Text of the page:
Geldards successful in recovering damages in cosmetic procedure case
Amy-Beth Probert in Geldards’ Medical Negligence team succeeded in a medical negligence claim on behalf of a client who received a negligent cosmetic procedure.
Our client sought treatment for spider veins on her lower legs, as she was distressed by their appearance. The Defendant suggested at least three treatments of Fibrovein injections. Our client was informed that the treatment could leave the appearance of the vessels beneath more obvious, but no other complications were discussed with her.
On the same date as her first consultation our client was injected with 1ml of 0.2% Fibrovein. The treatment was not effective. The Defendant arranged to review the following week to try a higher dose of Fibrovein. During her second consultation our client was injected with a higher dose of Fibrovein but this was also ineffective.
Around two weeks after the second treatment our client became distressed as the injection sites had formed scabs which were beginning to turn black. Our client contacted the Defendant expressing her concern and a further consultation was arranged. During this consultation the Defendant examined the wounds which had begun to smell and were infected. Our client was given steroid cream to apply to the injection sites.
Our client’s legs continued to deteriorate and following an attendance to her General Practitioner, she was referred to hospital where she was informed that there was necrotic tissue around the injection sites. As a result of the treatment our client was left with two ulcerated wounds and was referred to the complex leg wound unit.
Geldards was instructed and investigations were undertaken. Medical disclosure was obtained, and steps were taken to instruct an expert to prepare a breach of duty report.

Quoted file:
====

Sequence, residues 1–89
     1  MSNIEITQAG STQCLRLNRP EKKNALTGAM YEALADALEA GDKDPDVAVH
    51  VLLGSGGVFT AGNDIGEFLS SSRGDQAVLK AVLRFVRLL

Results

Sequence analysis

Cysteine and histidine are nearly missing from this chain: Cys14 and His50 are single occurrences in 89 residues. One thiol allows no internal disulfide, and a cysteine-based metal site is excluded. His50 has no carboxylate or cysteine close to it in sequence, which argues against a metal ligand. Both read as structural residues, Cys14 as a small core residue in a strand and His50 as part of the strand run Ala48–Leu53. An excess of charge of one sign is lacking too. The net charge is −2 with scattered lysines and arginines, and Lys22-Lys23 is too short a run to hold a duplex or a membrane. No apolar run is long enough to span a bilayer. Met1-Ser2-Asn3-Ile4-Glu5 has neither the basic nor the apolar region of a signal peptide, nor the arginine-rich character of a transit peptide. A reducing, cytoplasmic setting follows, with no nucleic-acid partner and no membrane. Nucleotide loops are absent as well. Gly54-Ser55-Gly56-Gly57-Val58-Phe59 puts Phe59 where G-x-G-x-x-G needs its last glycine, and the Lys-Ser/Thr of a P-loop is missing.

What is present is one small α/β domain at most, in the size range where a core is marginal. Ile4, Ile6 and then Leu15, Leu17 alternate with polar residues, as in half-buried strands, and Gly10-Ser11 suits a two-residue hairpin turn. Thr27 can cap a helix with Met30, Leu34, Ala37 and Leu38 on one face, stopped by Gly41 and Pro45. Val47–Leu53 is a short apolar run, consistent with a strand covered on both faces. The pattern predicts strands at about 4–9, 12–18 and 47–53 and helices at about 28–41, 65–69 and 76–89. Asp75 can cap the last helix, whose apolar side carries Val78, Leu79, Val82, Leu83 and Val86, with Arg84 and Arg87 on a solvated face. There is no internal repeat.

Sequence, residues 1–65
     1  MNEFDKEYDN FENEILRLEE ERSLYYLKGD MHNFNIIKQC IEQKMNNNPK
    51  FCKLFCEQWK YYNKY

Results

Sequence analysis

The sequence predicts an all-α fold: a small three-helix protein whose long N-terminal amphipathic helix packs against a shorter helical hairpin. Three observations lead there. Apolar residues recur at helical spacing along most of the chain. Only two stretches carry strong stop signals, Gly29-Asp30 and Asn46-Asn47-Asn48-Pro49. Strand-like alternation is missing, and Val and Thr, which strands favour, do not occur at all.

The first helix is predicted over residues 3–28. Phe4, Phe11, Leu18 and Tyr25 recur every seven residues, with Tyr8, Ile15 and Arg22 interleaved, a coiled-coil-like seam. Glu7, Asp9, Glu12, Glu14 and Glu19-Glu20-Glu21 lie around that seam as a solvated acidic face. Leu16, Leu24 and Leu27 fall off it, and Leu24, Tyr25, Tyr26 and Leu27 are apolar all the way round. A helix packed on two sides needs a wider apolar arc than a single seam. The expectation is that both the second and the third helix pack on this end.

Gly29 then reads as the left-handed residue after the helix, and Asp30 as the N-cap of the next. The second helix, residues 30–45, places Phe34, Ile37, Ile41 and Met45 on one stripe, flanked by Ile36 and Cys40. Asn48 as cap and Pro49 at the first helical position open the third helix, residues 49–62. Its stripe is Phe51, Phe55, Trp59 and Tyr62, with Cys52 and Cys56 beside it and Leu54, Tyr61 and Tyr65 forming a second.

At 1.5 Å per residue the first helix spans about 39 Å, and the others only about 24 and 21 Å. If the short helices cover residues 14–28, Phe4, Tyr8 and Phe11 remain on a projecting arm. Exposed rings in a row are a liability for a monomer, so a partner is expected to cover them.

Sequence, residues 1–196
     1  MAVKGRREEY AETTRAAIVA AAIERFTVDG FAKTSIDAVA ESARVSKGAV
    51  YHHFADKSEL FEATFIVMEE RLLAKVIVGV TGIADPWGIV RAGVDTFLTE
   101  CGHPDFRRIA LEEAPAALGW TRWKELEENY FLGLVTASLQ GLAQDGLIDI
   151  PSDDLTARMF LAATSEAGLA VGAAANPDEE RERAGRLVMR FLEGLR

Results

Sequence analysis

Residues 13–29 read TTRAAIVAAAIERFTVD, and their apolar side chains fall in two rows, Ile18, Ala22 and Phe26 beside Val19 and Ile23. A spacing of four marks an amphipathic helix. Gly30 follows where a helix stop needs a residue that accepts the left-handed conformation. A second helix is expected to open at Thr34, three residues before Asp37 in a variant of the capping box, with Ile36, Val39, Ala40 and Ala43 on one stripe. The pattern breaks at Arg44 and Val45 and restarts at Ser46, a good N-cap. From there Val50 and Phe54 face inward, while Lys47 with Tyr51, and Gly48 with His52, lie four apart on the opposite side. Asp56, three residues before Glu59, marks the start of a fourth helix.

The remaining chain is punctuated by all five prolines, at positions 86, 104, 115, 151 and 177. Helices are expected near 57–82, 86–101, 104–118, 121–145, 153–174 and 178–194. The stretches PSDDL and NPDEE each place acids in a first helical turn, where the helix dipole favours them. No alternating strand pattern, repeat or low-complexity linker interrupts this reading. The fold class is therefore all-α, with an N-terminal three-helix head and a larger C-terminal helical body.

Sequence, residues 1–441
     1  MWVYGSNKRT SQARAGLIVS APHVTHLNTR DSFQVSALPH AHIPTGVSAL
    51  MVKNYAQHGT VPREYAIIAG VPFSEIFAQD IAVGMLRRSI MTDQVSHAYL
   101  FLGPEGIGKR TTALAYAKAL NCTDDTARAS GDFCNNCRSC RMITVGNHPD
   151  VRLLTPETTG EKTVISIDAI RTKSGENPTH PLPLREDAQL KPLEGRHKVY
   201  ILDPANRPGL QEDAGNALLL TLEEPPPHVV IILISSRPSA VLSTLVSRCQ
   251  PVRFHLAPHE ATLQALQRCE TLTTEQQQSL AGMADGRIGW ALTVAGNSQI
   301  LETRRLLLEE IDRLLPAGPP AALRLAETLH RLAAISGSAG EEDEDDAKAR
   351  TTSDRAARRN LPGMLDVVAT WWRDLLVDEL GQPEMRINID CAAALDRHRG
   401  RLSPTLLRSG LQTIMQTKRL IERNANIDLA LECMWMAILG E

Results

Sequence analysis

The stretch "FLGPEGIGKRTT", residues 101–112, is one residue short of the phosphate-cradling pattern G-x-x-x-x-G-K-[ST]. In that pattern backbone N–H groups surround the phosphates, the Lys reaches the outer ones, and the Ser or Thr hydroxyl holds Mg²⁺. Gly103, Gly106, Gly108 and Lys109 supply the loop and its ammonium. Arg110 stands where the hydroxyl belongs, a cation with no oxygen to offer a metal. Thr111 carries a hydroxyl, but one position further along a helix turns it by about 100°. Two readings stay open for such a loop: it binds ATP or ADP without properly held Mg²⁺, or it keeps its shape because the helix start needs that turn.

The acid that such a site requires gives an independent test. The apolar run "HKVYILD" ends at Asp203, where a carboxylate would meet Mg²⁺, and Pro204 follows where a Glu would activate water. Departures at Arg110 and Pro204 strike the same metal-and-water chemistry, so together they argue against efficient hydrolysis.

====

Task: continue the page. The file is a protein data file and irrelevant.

A Consultant Vascular and Endovascular Surgeon prepared a report which confirmed that our client suffered a local ulceration at the injection sites following the sclerotherapy treatment as a result of the sclerosant escaping into the surrounding soft tissue leading to the necrosis.
It was confirmed that there was no record of compression to the injection site which would have reduced the risk to the surrounding tissue. It was further confirmed that the Defendant failed to obtain adequate consent prior to administering the treatment and no warning information was provided either verbally or in writing. It was advised that a full recovery should have been made and the on-going nature of the injuries was unusual.
A Letter of Claim was served on the Defendant and liability was admitted, subject to causation. The Defendant stated that they were unable to engage in settlement negotiations unless we provided further evidence to verify the nature of the injuries that our client sustained.
As such, we continued our investigations and obtained a Condition and Prognosis report. The report concluded that the persistent low-grade inflammation at the injection site resulted in more extensive scarring, dimpling and brown pigmentation around each site, as well as minor lymphatic damage. The expert noted that the pigmentation would remain permanent and whilst plastic surgery was an option to resolve the dimpling, this could result in further scarring.
An offer was eventually made on behalf of the Defendant in the sum of £15,000. After careful consideration and advice being provided, our client accepted the offer.
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